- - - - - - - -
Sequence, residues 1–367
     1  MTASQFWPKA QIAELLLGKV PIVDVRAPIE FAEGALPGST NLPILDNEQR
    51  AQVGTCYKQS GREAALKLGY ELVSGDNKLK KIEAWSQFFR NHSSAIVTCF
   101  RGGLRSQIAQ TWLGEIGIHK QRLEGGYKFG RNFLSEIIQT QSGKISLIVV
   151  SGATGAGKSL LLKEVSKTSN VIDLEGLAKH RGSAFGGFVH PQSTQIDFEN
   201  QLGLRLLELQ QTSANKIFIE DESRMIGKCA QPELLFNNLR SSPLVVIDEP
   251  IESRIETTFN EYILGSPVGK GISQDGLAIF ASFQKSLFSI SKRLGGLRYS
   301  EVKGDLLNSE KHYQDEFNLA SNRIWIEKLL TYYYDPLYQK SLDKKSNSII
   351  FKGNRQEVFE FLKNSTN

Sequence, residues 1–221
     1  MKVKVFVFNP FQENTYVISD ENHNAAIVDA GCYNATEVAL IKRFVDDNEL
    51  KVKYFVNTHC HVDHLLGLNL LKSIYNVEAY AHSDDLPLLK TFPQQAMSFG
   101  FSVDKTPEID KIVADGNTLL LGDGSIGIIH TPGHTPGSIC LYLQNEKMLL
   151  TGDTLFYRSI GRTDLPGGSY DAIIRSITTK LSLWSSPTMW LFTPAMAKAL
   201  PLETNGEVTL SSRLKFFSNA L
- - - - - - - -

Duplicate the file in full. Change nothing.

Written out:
Sequence, residues 1–367
     1  MTASQFWPKA QIAELLLGKV PIVDVRAPIE FAEGALPGST NLPILDNEQR
    51  AQVGTCYKQS GREAALKLGY ELVSGDNKLK KIEAWSQFFR NHSSAIVTCF
   101  RGGLRSQIAQ TWLGEIGIHK QRLEGGYKFG RNFLSEIIQT QSGKISLIVV
   151  SGATGAGKSL LLKEVSKTSN VIDLEGLAKH RGSAFGGFVH PQSTQIDFEN
   201  QLGLRLLELQ QTSANKIFIE DESRMIGKCA QPELLFNNLR SSPLVVIDEP
   251  IESRIETTFN EYILGSPVGK GISQDGLAIF ASFQKSLFSI SKRLGGLRYS
   301  EVKGDLLNSE KHYQDEFNLA SNRIWIEKLL TYYYDPLYQK SLDKKSNSII
   351  FKGNRQEVFE FLKNSTN

Sequence, residues 1–221
     1  MKVKVFVFNP FQENTYVISD ENHNAAIVDA GCYNATEVAL IKRFVDDNEL
    51  KVKYFVNTHC HVDHLLGLNL LKSIYNVEAY AHSDDLPLLK TFPQQAMSFG
   101  FSVDKTPEID KIVADGNTLL LGDGSIGIIH TPGHTPGSIC LYLQNEKMLL
   151  TGDTLFYRSI GRTDLPGGSY DAIIRSITTK LSLWSSPTMW LFTPAMAKAL
   201  PLETNGEVTL SSRLKFFSNA L